Sure, there are physical and lifestyle changes that come along with an HIV diagnosis. But just as important is taking time to heal from trauma.
A young person confronts shame and silence to reclaim their sexuality, with or without their family's support.
Charles Sanchez tells his story of coming of age and coming out.
Growing up in his father's church, Joshua Stovall had a religious upbringing. But it wasn't until he became HIV-positive that he discovered the real meaning of faith.
"I hate this!" Charles Sanchez pouted, as he sat helplessly on the floor of his hospital room. "I feel so pathetic. Christ!" The nurse, Anthony, cooed comfortingly: "I know, honey. Just let it out, darlin'."
"Issues of health and wellness, relationship and community, comfort and protection are central to the discourse within any faith community," says Rabbi David Dunn Bauer, who shared his HIV status with his congregation in 2015. "Silence means we aren...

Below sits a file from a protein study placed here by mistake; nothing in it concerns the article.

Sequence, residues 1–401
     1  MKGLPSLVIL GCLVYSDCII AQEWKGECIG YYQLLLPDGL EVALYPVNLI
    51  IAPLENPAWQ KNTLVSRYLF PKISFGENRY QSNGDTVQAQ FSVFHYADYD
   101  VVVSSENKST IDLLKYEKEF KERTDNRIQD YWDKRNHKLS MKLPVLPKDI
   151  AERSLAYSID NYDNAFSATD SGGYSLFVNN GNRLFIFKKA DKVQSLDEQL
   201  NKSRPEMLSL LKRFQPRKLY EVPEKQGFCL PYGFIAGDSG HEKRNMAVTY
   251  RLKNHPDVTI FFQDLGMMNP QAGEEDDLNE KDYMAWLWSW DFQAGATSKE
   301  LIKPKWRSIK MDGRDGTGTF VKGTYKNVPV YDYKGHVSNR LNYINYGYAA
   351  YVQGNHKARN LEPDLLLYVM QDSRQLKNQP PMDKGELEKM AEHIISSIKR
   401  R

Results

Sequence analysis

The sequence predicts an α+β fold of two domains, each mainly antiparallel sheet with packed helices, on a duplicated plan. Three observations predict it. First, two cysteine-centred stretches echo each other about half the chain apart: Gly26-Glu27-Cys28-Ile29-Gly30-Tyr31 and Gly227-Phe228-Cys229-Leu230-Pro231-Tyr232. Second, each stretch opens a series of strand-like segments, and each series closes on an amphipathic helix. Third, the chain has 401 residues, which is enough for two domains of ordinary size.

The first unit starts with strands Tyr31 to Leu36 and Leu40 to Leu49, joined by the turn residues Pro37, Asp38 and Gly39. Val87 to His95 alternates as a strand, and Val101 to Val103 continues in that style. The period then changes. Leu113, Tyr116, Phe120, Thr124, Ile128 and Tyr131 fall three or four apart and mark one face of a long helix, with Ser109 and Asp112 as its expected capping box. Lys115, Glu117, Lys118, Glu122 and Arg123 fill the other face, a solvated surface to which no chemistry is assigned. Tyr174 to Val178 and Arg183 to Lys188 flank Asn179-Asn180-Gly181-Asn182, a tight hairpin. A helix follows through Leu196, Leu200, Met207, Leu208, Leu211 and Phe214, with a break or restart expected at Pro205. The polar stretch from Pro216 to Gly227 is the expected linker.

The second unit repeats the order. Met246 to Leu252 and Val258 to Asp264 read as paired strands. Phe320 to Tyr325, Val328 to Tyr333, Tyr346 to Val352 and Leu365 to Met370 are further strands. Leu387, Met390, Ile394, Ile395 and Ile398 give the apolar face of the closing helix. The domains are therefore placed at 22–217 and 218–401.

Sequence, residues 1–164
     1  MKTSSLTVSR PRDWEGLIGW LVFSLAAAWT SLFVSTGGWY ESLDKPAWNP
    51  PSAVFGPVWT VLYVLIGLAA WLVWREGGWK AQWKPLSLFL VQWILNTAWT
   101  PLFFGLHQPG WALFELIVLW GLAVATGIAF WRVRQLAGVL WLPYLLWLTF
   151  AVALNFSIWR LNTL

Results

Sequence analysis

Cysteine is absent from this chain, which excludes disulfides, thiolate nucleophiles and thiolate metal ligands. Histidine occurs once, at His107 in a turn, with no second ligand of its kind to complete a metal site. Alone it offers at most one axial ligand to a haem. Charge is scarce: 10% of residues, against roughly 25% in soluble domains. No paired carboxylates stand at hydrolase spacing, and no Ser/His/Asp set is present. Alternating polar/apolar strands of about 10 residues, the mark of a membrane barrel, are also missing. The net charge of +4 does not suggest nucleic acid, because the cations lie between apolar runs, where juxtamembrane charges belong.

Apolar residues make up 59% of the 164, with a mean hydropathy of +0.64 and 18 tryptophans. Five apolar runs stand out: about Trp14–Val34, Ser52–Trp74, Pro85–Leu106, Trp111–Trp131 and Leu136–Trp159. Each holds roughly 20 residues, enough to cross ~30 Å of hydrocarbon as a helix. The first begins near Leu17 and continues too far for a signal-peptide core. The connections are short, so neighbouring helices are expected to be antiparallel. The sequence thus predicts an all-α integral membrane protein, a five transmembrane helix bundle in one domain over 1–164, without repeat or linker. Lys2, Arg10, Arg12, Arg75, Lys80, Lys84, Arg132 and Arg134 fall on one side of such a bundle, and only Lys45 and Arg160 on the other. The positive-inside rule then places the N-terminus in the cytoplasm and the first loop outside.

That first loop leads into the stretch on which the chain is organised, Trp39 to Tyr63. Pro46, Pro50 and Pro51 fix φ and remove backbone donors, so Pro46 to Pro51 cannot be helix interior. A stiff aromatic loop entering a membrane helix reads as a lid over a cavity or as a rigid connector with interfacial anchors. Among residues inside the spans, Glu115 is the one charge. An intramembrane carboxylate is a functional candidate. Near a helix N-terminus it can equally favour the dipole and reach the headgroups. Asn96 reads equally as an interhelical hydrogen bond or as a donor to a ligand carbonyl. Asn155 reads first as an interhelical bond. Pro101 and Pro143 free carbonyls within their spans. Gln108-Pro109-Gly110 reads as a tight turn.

With HIV, It's Easy to Impose Beliefs on Others Instead of Offering Compassion, Care and Inclusion: A Blog Entry by Harold R. "Scottie" Scott
"I have found through my own experience that religious groups have failed to offer compassion, care and inclusion to those of us living with HIV/AIDS," Harold Scott writes.
From the outside, Rev. Andrena Ingram's childhood looked charmed -- an attentive, stay-at-home mother, a father, a nice home in Queens, NY. But on the inside, Ingram recalls feeling strange.
"This is spiritual work, and I feel as if I am spiritually guided," explains Shabazz-El of the U.S. Positive Women's Network (PWN). "My story is one where God has purposely placed people in my life."
"It was somewhat of a surprise as I sat in the quiet of the fellowship hall, hoping for an HIV support group to appear, that Ernest would appear instead to be my support," Rev. Ingram writes.